I would have to wonder ... if a house is very old or in questionable condition, someone might want to invest in an inspection prior to making an offer. I've seen many real estate ads that say, like "sold as is - inspections welcome".
1 vote
Annette Law…, Agent, Palm Harbor, FL
Sat Dec 15, 2012
Excellent responses already. And the responses are applicable to most traditional home sales.
Some homes are marketed with the requirement that offers must be contingency free. That means the inspections must be completed before you write your purchase offer. Homes sold in this manner attract EXPERIENCED home buyers who are able to assess condition more accurately than the buyer who purchases a home every dozen years. This also implies that when the seller accepts your offer...You've just bought a home! NO DO OVERS.
When must an inspection be done to provide the intended protections for the buyer?
Within the time frame specified within the purchase agreement. Typically not more than 15 day after acceptance of purchase offer. (Read contract)
Who pays? You do. By credit card before the inspection. Or pay the inspector directly at the time of the inspection.
I participate in the buying and selling of dozens of homes every year. The extra set of expert eyes the inspector brings into the situation is INVALUABLE. For a few hundred bucks they can save you a lifetime of grief. The buyer and I were so infatuated with the big water view and dolphins playing in the Gulf of Mexico we did not notice until the inspector pointed out the building was being devoured by a condition resulting in unstable ground..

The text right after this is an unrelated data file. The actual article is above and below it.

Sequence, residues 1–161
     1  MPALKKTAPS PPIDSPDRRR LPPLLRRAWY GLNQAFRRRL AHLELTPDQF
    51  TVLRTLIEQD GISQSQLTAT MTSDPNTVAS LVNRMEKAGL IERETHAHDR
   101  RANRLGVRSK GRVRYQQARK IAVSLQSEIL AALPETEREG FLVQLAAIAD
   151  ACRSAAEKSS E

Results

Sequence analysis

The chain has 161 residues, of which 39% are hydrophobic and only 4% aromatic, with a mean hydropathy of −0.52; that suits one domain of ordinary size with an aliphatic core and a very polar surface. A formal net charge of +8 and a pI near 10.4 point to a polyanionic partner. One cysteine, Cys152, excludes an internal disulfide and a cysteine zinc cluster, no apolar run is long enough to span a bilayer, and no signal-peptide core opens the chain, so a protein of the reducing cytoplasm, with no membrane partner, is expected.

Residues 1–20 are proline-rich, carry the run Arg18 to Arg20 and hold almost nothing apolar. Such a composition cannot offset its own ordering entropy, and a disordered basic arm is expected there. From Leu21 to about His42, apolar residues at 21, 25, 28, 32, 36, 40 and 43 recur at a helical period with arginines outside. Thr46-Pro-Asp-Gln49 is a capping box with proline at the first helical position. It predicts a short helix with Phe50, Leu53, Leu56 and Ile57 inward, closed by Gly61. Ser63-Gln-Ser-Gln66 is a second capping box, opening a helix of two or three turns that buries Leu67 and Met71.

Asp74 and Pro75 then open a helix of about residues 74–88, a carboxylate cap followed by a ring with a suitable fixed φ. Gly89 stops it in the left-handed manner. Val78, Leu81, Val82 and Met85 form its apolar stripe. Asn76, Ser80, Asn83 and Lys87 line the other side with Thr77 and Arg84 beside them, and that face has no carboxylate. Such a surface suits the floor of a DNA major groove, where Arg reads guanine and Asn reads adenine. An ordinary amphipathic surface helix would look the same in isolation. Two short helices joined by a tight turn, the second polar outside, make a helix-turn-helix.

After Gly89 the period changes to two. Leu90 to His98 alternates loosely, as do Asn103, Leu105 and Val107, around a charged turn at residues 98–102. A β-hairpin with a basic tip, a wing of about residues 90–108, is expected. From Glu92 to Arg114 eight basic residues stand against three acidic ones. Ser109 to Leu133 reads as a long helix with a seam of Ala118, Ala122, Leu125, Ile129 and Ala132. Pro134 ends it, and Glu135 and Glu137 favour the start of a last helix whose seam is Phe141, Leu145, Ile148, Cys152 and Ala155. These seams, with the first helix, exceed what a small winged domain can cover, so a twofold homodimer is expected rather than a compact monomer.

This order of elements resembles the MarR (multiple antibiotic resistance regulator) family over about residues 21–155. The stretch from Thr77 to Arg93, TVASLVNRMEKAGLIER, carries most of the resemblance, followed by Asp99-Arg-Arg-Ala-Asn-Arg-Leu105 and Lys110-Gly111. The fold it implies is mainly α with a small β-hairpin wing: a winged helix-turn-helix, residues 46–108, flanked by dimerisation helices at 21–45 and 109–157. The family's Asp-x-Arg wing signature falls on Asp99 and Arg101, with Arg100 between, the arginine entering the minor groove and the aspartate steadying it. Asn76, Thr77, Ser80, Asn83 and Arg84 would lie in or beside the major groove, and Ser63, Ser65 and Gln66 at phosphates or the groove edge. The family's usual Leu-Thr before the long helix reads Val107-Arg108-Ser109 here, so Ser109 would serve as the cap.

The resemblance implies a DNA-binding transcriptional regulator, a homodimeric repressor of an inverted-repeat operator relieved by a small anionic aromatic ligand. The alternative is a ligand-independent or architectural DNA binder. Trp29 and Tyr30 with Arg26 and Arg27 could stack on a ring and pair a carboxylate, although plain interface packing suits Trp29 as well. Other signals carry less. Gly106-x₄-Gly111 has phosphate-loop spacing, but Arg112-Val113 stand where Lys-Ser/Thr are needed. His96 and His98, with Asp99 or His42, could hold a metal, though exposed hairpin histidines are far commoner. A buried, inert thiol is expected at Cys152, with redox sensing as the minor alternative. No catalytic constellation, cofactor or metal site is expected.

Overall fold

Best of success to you,
0 votes
David Roberts, Agent, South Portland, ME
Wed Apr 22, 2009
There are many types of building inspections and contingency inspections for homes which are traditionally done once a Purchase and Sale offer has been accepted by a seller - General Building, Chimney, Water Quality, Quantity, Air Quality, Zoning, etc, In the purchase and sale offer a buyer will specify the number of business days (often 7-15) to complete the inspections and negotiate any contingency amendments to the offer. It is important to get the inspections completed ASAP to allow time to get results of certain tests (such as Water or Air Quality) so that your agent has time to negotiate adjustments to the offer.
You may also bring in professionals before an offer is submitted -for example - if you suspect a an old snowman type furnace might want to be replaced - you might consult a heating specialist to get an estimate
that you might use to negotiate a better price, or to ask for escrows from the closing to be used for replacement of the system. Inspections are paid for by the purchaser. They are necessary so that home buyers know what they are getting into for possible repair costs before purchasing a home and also can be an eye opener to the fact that you might be getting in over your head and are a way you can get out of an offer should immediate repairs be to much to handle. Time is of the essence.
0 votes
Justme In Ma…, Home Buyer, Maine
Fri Aug 1, 2008
just pay for the stupid thing already im gonna be cold soon
0 votes